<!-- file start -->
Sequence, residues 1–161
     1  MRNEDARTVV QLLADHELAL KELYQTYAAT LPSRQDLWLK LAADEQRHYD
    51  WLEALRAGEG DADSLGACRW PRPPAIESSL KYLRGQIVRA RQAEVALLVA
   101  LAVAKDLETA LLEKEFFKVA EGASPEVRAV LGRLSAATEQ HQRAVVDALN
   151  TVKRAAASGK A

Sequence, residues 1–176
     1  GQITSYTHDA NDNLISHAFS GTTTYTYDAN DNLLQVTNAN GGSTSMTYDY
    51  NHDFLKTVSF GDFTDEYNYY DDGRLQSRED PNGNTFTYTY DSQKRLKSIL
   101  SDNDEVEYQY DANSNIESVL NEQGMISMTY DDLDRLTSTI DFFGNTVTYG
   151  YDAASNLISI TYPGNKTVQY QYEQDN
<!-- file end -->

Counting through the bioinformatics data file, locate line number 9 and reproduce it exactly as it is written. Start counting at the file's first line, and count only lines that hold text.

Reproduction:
   101  SDNDEVEYQY DANSNIESVL NEQGMISMTY DDLDRLTSTI DFFGNTVTYG